Submitted Successfully!
To reward your contribution, here is a gift for you: A free trial for our video production service.
Thank you for your contribution! You can also upload a video entry or images related to this topic.
Version Summary Created by Modification Content Size Created at Operation
1 + 643 word(s) 643 2020-12-15 07:42:27

Video Upload Options

Do you have a full video?


Are you sure to Delete?
If you have any further questions, please contact Encyclopedia Editorial Office.
Ren, B. ABCB11 Gene. Encyclopedia. Available online: (accessed on 18 June 2024).
Ren B. ABCB11 Gene. Encyclopedia. Available at: Accessed June 18, 2024.
Ren, Bruce. "ABCB11 Gene" Encyclopedia, (accessed June 18, 2024).
Ren, B. (2020, December 24). ABCB11 Gene. In Encyclopedia.
Ren, Bruce. "ABCB11 Gene." Encyclopedia. Web. 24 December, 2020.
ABCB11 Gene

ATP binding cassette subfamily B member 11


1. Normal Function

The ABCB11 gene provides instructions for making a protein called the bile salt export pump (BSEP), which is found in the liver. Bile salts are a component of bile, which is used to digest fats. Bile salts are produced by liver cells and then transported out of the cell by BSEP to make bile. The release of bile salts from liver cells is critical for the normal secretion of bile.

2. Health Conditions Related to Genetic Changes

2.1 Benign recurrent intrahepatic cholestasis

Mutations in the ABCB11 gene can cause benign recurrent intrahepatic cholestasis type 2 (BRIC2). People with BRIC2 have occasional episodes of impaired bile secretion that lead to severe itching (pruritus) and yellowing of the skin and whites of the eyes (jaundice). On occasion, people with BRIC2 have later been diagnosed with a more severe condition called progressive familial intrahepatic cholestasis type 2 (described below) when their symptoms worsened.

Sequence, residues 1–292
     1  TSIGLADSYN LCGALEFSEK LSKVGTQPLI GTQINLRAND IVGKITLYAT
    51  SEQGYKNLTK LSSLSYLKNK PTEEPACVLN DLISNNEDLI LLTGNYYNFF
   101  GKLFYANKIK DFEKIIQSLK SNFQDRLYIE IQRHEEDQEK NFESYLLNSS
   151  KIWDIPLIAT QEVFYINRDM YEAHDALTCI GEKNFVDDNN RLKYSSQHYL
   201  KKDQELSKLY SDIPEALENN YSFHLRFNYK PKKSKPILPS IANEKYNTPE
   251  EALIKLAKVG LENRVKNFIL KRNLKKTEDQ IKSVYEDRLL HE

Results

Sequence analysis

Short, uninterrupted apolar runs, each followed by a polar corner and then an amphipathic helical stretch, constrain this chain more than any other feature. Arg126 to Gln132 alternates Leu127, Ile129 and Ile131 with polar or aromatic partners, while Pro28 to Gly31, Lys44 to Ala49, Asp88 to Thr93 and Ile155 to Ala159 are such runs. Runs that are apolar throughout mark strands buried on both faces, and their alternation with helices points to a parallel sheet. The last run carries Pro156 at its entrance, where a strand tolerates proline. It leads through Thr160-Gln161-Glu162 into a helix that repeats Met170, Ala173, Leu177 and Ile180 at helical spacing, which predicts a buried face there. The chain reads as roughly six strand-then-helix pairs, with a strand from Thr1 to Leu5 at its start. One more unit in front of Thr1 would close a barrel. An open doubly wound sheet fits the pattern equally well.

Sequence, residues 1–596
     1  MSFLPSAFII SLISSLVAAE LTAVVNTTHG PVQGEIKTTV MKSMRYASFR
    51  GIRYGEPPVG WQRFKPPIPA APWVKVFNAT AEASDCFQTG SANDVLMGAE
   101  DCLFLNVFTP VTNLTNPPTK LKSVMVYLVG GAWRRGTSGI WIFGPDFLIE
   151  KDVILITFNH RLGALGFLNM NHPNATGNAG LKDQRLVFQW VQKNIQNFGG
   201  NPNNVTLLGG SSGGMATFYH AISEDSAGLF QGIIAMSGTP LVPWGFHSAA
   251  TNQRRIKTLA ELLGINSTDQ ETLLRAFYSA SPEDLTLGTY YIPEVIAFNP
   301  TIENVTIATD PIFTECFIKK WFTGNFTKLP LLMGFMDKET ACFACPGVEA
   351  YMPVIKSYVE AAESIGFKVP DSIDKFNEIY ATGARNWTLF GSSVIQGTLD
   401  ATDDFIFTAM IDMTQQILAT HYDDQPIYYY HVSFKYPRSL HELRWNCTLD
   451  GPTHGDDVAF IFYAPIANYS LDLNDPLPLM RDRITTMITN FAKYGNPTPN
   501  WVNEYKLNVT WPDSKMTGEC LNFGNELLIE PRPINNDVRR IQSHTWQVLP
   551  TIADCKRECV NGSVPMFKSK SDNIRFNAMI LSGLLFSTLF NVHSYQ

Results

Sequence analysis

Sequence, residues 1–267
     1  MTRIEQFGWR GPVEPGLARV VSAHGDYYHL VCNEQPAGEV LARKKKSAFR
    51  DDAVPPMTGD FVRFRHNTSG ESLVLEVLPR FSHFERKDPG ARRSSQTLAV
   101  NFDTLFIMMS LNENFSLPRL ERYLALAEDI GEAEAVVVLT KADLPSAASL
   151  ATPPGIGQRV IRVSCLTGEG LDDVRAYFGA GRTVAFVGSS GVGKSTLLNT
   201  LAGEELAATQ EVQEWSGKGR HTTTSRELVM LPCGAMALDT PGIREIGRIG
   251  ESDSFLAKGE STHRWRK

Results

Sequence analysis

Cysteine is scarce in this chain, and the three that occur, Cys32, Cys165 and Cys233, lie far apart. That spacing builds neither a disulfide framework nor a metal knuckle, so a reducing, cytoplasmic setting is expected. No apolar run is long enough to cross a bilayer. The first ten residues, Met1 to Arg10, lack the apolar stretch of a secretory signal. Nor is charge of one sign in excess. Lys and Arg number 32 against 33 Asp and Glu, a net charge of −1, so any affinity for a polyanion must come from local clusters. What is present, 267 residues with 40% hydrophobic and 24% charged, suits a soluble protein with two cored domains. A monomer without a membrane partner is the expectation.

Affected individuals have a mutation in both copies of the ABCB11 gene. Mutations in the ABCB11 gene that cause BRIC2 lead to a 40 to 50 percent reduction of bile salt transport. The resulting buildup of bile salts in the liver leads to the signs and symptoms of BRIC2. It is unclear what causes the episodes to begin or end.

2.2 Progressive familial intrahepatic cholestasis

More than 100 mutations in the ABCB11 gene have been found to cause a severe form of liver disease called progressive familial intrahepatic cholestasis type 2 (PFIC2) that usually leads to liver failure. Development of this condition requires a mutation in both copies of the ABCB11 gene. Mutations in the ABCB11 gene that cause PFIC2 result in a 70 percent reduction to complete absence of bile salt transport out of the liver. The lack of transport causes bile salts to build up in liver cells, leading to liver disease and its associated signs and symptoms.